Certain persons may stand a higher chance of developing an addiction to Vicodin. These persons include those with a history of substance abuse, either personally or in their family. People with a history of mental illness may also stand a higher chance of becoming addicted.

It may be difficult to recognize a true addiction to the drug. There are those who develop dependence to their Vicodin prescription and do not realize this until the time they cease to take it. Dependence is usually the preceding step to addiction. Addiction will be marked by a compulsive urge to take the drug despite the onset of negative consequences.

The Diagnostic and Statistical Manual of Mental Disorders V(DSM-V) has outlined certain symptoms for persons with addictions. According to the Diagnostic and Statistical Manual of Mental Disorders V(DSM-V), so as to be diagnosed with a drug use disorder, you need to meet 2 or more of the 11 listed criteria within a 12-month period.

If you meet 2/3 of the listed criteria, you have a substance use disorder, albeit mild. 4-5 is regarded as moderate. If you meet 6 criteria and above, then you have a severe substance disorder. The following are the substance use disorder criteria:

Vicodin addiction generally doesn't develop if the user strictly follows the doctor's prescription directives. But once self-medication starts and the user starts to use larger quantities than a doctor would recommend, the dependency risks is greatly boosted.

People who go ahead and use the drug recreationally stand a very high risk of developing full-fledged addictions. This is especially so if they mix the drug with other drugs, including alcohol, to boost the impact that it has.

Liver issues are a possible complication of abusing Vicodin. This is caused primarily by acetaminophen present in the drug. If you see signs of jaundice or other symptoms which suggest liver malfunction, medical help should be sought immediately.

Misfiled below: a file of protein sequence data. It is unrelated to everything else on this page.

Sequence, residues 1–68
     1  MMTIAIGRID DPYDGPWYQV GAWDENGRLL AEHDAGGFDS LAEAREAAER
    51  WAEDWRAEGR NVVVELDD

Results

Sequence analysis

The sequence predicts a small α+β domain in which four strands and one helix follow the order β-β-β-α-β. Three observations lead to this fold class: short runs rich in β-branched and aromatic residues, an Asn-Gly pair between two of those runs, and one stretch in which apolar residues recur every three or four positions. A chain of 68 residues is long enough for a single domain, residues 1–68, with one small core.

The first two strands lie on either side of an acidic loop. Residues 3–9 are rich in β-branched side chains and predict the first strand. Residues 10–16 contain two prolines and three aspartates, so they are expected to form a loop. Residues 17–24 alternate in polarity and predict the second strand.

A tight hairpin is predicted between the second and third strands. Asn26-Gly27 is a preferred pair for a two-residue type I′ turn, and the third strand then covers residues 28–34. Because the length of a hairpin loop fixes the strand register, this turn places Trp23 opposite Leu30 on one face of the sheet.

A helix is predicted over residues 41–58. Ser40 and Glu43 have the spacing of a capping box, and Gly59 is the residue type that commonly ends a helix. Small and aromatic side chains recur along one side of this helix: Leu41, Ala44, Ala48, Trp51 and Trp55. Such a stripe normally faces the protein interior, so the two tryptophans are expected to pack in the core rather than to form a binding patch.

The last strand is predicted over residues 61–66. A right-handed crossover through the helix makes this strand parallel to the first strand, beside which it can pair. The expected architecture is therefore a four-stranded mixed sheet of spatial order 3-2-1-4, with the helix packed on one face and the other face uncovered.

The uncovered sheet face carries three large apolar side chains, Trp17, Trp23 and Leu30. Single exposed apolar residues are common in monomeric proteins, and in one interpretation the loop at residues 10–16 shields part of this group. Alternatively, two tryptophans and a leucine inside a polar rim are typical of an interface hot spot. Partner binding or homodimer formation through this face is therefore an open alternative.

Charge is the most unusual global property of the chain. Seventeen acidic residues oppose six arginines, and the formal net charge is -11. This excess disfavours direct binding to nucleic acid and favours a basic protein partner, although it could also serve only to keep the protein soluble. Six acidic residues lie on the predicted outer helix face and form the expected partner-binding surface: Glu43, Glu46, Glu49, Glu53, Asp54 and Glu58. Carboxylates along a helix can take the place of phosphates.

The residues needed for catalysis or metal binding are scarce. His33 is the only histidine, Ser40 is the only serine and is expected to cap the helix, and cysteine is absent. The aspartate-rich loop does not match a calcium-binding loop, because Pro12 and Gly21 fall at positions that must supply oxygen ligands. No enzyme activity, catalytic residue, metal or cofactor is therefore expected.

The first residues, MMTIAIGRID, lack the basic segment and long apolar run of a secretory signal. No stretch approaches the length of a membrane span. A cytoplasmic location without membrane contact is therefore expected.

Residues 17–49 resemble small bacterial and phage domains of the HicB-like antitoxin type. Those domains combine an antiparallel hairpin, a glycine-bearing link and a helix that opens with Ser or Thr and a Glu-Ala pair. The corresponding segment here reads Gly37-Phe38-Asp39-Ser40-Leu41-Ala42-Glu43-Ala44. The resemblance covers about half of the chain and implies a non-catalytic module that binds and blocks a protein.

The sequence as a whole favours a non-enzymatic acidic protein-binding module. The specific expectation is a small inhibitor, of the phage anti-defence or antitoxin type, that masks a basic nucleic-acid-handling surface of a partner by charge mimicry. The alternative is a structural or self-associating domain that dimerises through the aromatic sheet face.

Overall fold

Dangers of Vicodin

1) Tolerance

One of the more unsavory aspects of addiction to Vicodin is just how quickly an individual may develop tolerance to the drug. This means that the longer you take Vicodin, the more of it you will need to take to reach your desired euphoric levels. As a result, you will spiral deeper and deeper into the addiction cycle with time.

2) Side Effects

There are multiple side effects, many of them serious, associated with long-term addiction to Vicodin. These include liver damage, severe mood swings, depressive feelings as well as a multitude of withdrawal symptoms once you cease taking the drug.

3) Dependence

Vicodin is very highly addictive. It is so addictive that even individuals who follow a doctor's prescription may end up developing dependence on it. Women run a higher risk of developing addiction to the drug as they are a lot more likely to have chronic pain, get prescribed pain-relieving meds, be prescribed higher doses and ultimately use them for longer periods of time compared to men. They may also get dependent on prescription pain-relieving meds faster than men.

4) Overdose

Just like any illicit drug, Vicodin could be fatal if too much is consumed. Every single year, hospital ERs admit persons who have overdosed on hydrocodone. Many of them, it has to be said, fail to recover. Far too many people understand neither their limits nor the potency of Vicodin. Many addiction experts have drawn up marked parallels between heroin addiction and Vicodin addiction.

5) Loss of Self-Control

Persons who engage in the use and abuse of Vicodin are subject to severe lapses in self-control. The person will usually be ready to do anything and everything to access more of the drug. This puts them at the very real risk for a myriad of unethical behaviors, crime very much included. These people may: